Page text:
Being a horror film with serious religious undertones, you already present a large number of people with a very significant issue. Religious horror films tend to have a more profound affect on an audience depending on their personal beliefs. Your common Western audience will have at least some religious belief, be they tied to a particular church or agnostic, so already you're tapping into something that no one has concrete proof of being either right or wrong. No one can prove that God does or doesn't exist, and that logic also applies to the Devil. So when you say that a film is based largely on true events, dealing with something that is either very real, or extremely ambiguous to the majority of people out there, you are going to inevitably tap into some very deep rooted fears based on people's beliefs. Basically, The Exorcist has the ability to frighten people on a much more cerebral level because while everyone knows that Freddy Kreuger or Jason Vorhees don't exist, no one can say either way that a demon does not. The fear that this is actually possible is what gave (and still gives) The Exorcist its power.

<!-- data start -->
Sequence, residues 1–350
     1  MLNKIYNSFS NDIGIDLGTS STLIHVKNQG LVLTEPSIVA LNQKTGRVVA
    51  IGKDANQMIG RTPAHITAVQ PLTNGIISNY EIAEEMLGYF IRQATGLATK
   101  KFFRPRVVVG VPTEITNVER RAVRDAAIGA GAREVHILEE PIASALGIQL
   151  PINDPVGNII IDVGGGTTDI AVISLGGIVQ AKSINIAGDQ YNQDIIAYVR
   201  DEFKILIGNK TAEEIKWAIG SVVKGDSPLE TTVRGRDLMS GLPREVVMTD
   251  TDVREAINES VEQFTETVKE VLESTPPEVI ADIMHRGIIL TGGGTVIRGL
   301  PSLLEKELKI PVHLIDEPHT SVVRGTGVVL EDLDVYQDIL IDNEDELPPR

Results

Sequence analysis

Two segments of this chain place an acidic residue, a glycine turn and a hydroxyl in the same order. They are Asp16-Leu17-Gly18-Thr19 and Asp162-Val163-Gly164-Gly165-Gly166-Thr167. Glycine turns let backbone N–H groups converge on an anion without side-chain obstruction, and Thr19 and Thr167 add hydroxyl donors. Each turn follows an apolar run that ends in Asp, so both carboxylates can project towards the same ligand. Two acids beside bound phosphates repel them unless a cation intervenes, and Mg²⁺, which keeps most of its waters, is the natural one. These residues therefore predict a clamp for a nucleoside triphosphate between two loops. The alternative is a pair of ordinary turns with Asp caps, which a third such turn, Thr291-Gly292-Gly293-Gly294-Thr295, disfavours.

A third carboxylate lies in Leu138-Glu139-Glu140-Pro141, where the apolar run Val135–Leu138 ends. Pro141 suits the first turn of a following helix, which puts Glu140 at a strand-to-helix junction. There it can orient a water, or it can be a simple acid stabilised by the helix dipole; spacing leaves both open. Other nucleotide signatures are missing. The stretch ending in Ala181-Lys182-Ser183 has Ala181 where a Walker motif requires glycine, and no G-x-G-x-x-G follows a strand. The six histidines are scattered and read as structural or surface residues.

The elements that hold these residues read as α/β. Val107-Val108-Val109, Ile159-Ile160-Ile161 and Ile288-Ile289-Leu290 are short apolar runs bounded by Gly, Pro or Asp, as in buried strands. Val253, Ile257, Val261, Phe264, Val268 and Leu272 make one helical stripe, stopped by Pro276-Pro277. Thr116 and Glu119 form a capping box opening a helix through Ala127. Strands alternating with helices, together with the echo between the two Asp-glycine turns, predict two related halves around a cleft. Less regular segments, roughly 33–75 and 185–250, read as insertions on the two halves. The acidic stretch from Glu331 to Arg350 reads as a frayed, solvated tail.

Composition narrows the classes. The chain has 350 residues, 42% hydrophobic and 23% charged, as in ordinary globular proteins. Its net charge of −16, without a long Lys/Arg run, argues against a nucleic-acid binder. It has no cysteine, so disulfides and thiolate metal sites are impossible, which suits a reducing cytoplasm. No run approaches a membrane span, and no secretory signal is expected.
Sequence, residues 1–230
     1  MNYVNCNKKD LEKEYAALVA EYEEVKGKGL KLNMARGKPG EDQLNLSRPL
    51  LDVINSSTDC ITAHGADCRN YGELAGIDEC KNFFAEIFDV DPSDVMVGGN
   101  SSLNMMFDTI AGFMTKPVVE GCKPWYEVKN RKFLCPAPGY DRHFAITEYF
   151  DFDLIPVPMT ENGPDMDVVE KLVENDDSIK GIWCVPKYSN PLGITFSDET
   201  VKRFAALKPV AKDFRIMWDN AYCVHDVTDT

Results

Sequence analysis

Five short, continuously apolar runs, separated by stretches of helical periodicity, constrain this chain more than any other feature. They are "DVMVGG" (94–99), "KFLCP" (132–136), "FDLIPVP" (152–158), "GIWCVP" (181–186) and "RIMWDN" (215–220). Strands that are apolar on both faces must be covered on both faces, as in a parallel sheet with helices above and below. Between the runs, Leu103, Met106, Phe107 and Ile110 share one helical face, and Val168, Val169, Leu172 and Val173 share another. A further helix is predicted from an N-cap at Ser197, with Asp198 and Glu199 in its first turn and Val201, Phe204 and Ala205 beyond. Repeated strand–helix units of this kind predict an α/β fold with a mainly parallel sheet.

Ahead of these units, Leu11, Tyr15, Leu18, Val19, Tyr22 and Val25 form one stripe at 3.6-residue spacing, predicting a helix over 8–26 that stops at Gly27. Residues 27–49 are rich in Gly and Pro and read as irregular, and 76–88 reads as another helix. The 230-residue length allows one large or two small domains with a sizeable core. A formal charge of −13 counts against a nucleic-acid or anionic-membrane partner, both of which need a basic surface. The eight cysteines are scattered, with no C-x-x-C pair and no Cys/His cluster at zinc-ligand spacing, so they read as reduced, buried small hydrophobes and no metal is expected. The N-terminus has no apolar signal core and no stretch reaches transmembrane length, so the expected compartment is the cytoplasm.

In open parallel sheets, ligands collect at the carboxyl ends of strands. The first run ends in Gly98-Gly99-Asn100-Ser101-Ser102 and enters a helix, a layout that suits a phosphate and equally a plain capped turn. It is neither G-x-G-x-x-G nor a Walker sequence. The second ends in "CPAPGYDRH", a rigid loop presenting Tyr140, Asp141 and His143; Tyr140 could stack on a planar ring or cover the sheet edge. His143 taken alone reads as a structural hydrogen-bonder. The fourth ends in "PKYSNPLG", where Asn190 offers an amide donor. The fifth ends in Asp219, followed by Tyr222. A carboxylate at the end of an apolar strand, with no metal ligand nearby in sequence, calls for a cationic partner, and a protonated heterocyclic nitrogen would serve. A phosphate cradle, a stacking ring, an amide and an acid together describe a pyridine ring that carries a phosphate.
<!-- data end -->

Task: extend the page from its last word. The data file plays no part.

In that sense, that cerebral sense, The Exorcist is still as powerful as it's ever been. So many films have tried to emulate that fear of God and the Devil over the years but have simply become pale imitators, falling victim to their own special effects or just plain terrible stories that nothing really compares to date. Even The Exorcism of Emily Rose, which will always draw inevitable comparison (and is for some reason, widely touted as being a great film) has absolutely nothing, nothing at all, on The Exorcist. However, in terms of it being something that is continually scary to look at, today's audiences are likely to find it somewhat tamer than they're probably expecting.